* Mike DeBonis reports that the danger of a government shutdown has not yet passed:

The House passed a stopgap spending bill Thursday, moving to avoid a partial government shutdown. But congressional leaders are already bracing for a more heated spending fight later this month.

The measure extending government funding until Dec. 22 passed on a 235 to 193 vote. The Senate is expected to vote as early as Thursday evening on the measure, sending it to President Trump.

As the stopgap spending deal moves forward on Capitol Hill, congressional leaders of both parties went to the White House Thursday afternoon to begin talks with Trump on a long-term spending pact. …

But there are clear obstacles to any deal. Trump himself cast doubt Wednesday, telling reporters that Democrats “want to have illegal immigrants pouring into our country, bringing with them crime, tremendous amounts of crime.” A shutdown over the issue, he said, “could happen.”

The short-term deal passed in part because it maintained the status quo on government spending levels and policies. Both parties are preparing for a spending and policy fight as they eye a longer-term deal.

Paul Ryan will say to Trump, “Look over here sir, I brought you a shiny toy!” Then while Trump is distracted, Kevin McCarthy will hit him with a blowdart, and with the president safely unconscious, they’ll at least have a marginally better chance at a long term deal.

* Devlin Barrett and Ellen Nakashima report that Republicans are now dutifully starting a war on the FBI:

FBI Director Christopher A. Wray defended his agency’s integrity and independence in response to skeptical questioning Thursday from Republicans who repeatedly suggested its personnel are biased against President Trump.

Wray spent the morning being grilled at a hearing of the House Judiciary Committee about how FBI personnel — particularly a senior counterintelligence agent now the subject of an internal ethics investigation — handled sensitive probes of Trump and his former political rival, Hillary Clinton.

The agent, Peter Strzok, was removed in July from the investigation being run by special counsel Robert S. Mueller III, who is looking into possible coordination between Trump associates and Russian agents during last year’s election.

Strzok, the top agent on that probe, was removed after supervisors learned he exchanged pro-Clinton, anti-Trump texts with a senior FBI lawyer with whom he had an affair, according to people familiar with the matter.

It’s clear that the solution is that Republican officeholders should be investigated only by Republicans. And Democratic officeholders should of course be investigated by Republicans.

* A new CBS News poll shows large majorities of Americans saying the GOP tax plan will benefit the wealthy and corporations.

* A new Pew Research Center poll finds Trump’s approval at a whopping 32 percent; 59 percent say his campaign probably or definitely had improper contacts with Russia.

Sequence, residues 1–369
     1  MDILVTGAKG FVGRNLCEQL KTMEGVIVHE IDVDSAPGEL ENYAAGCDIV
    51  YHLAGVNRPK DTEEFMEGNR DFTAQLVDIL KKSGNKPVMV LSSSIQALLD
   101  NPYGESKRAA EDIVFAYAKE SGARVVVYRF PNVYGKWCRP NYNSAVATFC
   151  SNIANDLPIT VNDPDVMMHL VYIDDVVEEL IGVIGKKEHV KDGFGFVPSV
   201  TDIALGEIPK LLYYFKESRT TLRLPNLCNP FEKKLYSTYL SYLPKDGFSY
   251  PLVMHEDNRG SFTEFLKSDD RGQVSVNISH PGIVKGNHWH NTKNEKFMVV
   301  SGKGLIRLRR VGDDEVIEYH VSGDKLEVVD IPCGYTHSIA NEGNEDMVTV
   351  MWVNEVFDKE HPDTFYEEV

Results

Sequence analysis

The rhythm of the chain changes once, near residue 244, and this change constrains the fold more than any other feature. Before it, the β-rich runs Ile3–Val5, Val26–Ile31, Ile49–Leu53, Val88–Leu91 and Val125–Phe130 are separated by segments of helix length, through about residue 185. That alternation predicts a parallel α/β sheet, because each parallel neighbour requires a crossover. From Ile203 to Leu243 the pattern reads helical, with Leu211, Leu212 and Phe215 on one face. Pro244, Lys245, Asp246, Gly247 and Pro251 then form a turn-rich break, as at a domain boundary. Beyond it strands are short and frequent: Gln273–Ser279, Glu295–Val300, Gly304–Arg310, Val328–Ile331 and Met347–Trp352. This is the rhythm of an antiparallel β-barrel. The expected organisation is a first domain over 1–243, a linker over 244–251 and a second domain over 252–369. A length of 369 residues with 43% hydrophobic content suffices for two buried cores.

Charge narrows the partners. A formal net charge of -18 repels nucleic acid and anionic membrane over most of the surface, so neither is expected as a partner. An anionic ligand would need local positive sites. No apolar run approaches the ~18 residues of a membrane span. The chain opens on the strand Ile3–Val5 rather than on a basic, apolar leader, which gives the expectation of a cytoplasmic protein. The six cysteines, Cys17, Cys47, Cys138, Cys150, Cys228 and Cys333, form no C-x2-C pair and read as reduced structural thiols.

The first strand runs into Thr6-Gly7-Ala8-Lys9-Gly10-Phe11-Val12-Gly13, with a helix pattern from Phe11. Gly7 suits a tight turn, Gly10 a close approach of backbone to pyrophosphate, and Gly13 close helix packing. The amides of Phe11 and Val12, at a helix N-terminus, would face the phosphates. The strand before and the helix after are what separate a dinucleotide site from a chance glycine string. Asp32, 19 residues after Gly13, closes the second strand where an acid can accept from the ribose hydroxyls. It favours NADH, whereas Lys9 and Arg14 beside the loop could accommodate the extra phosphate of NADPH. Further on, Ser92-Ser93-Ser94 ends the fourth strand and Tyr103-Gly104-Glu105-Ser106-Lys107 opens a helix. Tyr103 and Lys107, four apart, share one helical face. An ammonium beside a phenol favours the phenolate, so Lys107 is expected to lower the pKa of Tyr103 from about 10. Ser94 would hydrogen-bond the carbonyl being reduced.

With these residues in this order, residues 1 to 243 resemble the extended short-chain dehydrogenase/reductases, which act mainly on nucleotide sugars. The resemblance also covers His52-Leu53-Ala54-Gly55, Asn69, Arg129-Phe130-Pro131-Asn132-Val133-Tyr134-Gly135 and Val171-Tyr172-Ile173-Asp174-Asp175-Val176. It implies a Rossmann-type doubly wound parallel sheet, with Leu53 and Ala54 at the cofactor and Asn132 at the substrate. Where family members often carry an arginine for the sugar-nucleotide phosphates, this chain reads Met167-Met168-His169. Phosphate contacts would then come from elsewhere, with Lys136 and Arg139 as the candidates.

* Natasha Bertrand reports that despite being “recused” from the Russia investigation, Rep. Devin Nunes met with Blackwater founder and all-around supervillain Erik Prince earlier this year to talk about the investigation, Prince testified to the House Intelligence Committee.

* Sean Illing asks a bunch of legal experts whether Donald Trump Jr. can shield a key conversation with his father behind attorney-client privilege, and they pretty much all say no.

* Doug Jones launches a new ad that promises the people of Alabama, “I’ll never embarrass you.”

* The Cook Political Report’s Jennifer Duffy shifts the rating of the Tennessee Senate race to Toss Up, now that former Democratic governor Phil Bredesen has entered the race, which could have a big impact on who wins control of the Senate.

* Devlin Barrett and Sean Sullivan go inside the multi-pronged attack Republicans are waging against Robert Mueller’s investigation.

* William Wan reports on a new study showing that a surge in gun sales after Sandy Hook as gun owners believed that the government would be coming for their guns led to a significant increase in accidental shootings.

* John Gehring tries to find the most appropriate Christian response to the question of whether bakers should be able to refuse to make cakes for same-sex couples.

* Amanda Marcotte explains how public opinion data show the #MeToo movement is changing people’s minds.

* Robert Schlesinger argues that we must not let the phony deficit hawks forget what they did in 2017 when the bill comes due.

* Sean McElwee says that despite what you might have heard, the Democrats are more united than ever.

* MSNBC admits they were wrong to fire Sam Seder, and announces they’re bringing him back.

* And over at The Week, I explained how when it comes to sex scandals, the politicians who are most guilty and least repentant are the ones who survive.